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Why Quallies Should Care about Marketing Technology (MarTech)

Posted By Lisa Horwich, Tuesday, April 30, 2019
Updated: Tuesday, April 30, 2019

Why Quallies Should Care about Marketing Technology (MarTech)

2019 Marketing Technology Landscape (Martech 5000)

The “Rise of the Machines” and how We Got Here.

When I graduated from business school back in the late ‘90s I never dreamed I would become a total tech geek…in fact, I really thought I was going to be a high-powered consultant (think McKinsey, Bain, BCG). Instead, somehow, I found myself implementing large-scale computer systems (fears of Y2K!) and then became a product manager for a small software company. My journey to tech geekdom had begun without me knowing it.

Martech Landscape: 2011-2019

Fast forward to today. After spending much of my time working on quantitative and qualitative research for large tech companies, I can honestly say that I really love learning and studying technology.

With this in mind, about 2 years ago, a prediction from Gartner (the big technology industry research firm) caught my eye – their analyst Laura McLellan predicted that by 2017 CMOs will spend more on technology than CIOs. She was almost correct – it happened in 2016, a year ahead of schedule.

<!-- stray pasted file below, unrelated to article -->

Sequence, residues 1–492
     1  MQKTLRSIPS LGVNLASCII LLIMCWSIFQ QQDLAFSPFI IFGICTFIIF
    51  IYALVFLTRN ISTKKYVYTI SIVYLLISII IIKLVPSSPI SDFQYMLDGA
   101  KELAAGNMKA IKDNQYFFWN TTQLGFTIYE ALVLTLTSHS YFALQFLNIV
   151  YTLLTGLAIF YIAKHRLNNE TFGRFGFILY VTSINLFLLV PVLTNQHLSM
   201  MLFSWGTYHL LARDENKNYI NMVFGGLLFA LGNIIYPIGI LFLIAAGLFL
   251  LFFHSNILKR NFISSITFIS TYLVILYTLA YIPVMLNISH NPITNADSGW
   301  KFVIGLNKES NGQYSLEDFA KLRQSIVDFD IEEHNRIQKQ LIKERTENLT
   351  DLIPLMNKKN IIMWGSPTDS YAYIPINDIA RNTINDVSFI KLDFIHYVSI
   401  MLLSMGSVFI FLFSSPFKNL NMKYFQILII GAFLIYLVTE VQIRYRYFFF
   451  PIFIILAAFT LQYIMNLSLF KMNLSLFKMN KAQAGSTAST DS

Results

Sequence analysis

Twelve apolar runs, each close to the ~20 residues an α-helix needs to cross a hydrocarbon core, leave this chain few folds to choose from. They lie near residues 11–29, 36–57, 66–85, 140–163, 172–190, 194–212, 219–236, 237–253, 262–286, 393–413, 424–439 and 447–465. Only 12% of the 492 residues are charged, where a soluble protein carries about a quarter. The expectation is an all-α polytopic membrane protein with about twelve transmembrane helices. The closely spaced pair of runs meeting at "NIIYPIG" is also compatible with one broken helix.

Think about it. Marketing departments are now spending more on information technology than the department that is responsible for a company’s technology infrastructure. Crazy, I know!

This has led to a proliferation of companies clamoring for a piece of this MarTech pie. From 2011 when 150 companies offered MarTech solutions, we are now in 2019 looking at over 7,000 companies competing in this space.

What is the aim of all these solutions? More importantly, what has changed with CMOs to prompt this massive investment in technology? It boils down to three main factors:

  1. Most CMOs now share P&L responsibility. Instead of just being a “cost center,” marketing is looked on as fundamental part of revenue generation.
  2. Marketing funds and designs the entire cross-functional customer experience (CX). If you think of CX holistically from generating awareness through post-sales feedback, it makes sense that marketing is in charge.